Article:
SHARING THE BURDEN
By Karen Kroll
New regulations and global uncertainty are reviving corporate focus on payment factories and in-house banks.
As companies look further outside their borders for new growth and increased regulation makes tracking cash flows even more crucial, interest in centralizing and standardizing payment flows is growing. Depending on the company, this could mean implementing a payment factory, an in-house bank and/or a shared services center. A payment factory, as the term implies, generally refers to “centralizing payments through a single hub,” notes Andrew Owens, senior vice president of enterprise payments with SunGard AvantGard. The objective typically is to drive transaction efficiency by standardizing processes and eliminating redundancies.
How does a payment factory differ from a shared services center? Arguably, the differences are minimal. “Many people love to refer to them as in-house banks or payment factories. It sounds sexier and more advanced,” says Dennis Gniewosz, vice president with J.P. Morgan Treasury Services. “Often, it’s more of a large, complex, shared services center.”
A payment factory generally includes all facets of payments, such as payroll and intercompany payments, says Bob McKay, head of payments business with BankersAccuity, a provider of data and software. That is not always the case with a shared services center. And an in-house bank takes the process further. While a payment factory will determine the easiest, most effective way to pay invoices, the in-house bank will need to determine from which account the funds will be drawn.
An in-house bank often becomes the legal entity that owns the accounts, although regulations may restrict this in some cases, says Orazio Pater, chief operating officer with GTreasury, a provider of treasury management solutions. What’s more, the bank can both disburse funds and accept incoming payments, and is able to make payments from a central account on behalf of a subsidiary.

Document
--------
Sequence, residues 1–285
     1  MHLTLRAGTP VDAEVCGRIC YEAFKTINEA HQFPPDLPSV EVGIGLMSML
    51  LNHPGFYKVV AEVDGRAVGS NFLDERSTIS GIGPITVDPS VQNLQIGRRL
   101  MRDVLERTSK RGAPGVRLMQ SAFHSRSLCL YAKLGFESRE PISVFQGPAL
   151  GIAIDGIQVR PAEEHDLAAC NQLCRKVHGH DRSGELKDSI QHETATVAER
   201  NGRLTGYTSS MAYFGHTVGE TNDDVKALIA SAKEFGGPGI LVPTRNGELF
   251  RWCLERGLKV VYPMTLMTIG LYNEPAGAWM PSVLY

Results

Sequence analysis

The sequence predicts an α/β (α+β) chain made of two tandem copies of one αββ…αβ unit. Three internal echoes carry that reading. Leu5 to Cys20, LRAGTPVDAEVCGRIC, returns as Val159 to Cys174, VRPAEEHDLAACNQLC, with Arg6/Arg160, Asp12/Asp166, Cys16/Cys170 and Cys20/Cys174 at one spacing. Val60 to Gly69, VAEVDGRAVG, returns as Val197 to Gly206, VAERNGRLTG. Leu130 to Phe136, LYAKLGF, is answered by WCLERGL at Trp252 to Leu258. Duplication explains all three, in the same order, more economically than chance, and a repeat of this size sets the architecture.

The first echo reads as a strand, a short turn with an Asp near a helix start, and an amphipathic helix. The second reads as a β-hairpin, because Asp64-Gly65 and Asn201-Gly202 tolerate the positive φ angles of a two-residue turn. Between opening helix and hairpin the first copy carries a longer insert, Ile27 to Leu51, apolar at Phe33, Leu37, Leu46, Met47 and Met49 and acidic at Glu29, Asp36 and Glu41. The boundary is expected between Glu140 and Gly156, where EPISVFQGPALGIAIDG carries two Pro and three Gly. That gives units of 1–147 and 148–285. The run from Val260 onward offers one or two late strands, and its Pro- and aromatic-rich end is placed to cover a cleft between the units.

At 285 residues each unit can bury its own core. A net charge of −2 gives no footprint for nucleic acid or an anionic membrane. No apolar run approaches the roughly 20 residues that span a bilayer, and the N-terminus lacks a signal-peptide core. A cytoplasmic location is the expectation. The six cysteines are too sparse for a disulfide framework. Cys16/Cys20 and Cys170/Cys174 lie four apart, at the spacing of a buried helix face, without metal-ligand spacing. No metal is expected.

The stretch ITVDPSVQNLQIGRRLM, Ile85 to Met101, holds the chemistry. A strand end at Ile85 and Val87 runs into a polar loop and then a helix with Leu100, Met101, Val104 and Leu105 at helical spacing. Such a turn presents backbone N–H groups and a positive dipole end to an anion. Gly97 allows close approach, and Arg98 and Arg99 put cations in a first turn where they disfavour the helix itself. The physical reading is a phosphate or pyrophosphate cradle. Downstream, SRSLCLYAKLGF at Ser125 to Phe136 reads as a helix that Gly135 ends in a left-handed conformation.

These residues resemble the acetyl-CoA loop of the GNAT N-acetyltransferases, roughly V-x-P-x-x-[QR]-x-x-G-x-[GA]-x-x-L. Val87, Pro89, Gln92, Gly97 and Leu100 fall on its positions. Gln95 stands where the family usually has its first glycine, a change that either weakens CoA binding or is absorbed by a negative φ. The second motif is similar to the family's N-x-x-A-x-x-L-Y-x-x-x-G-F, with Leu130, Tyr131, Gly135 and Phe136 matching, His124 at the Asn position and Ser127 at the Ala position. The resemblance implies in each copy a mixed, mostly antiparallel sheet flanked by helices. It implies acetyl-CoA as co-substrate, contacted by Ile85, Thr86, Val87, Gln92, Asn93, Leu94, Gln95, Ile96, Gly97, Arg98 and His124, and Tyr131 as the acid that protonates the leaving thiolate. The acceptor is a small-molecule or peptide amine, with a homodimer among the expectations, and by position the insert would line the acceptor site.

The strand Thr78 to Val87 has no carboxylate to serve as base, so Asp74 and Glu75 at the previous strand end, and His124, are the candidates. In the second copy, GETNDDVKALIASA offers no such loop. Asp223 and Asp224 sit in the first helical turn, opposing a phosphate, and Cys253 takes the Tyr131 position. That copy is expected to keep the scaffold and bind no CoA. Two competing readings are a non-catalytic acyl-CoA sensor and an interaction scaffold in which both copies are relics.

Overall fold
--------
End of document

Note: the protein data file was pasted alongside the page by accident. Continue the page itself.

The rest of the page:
When establishing an in-house bank, previously disparate accounts are often consolidated in order to boost visibility, gain economies of scale and reduce cost and complexity. “It’s centralizing major, key treasury decisions to a single structure,” says Ashutosh Kumar, global head of corporate cash and trade with Standard Chartered. Operating an effective in-house bank requires some sophistication and knowledge, as the bank will decide on the most optimal methods of providing capital to the group, Kumar notes.
A survey conducted in 2011 by Logica of some 150 companies in North America and Europe found “a renewed focus on adopting payment factories to cope with a stagnant global economy.” Almost two-thirds of respondents to the survey either had a payment factory in place or were considering setting one up.
Several factors are driving interest in these structures. Some companies want to limit the number of bank accounts they use in order to draw the line on costs and complexity. At the same time, Pater says, management often wants to continue tracking funds by division or subsidiary for management and legal purposes. An in-house bank can be structured to accomplish this.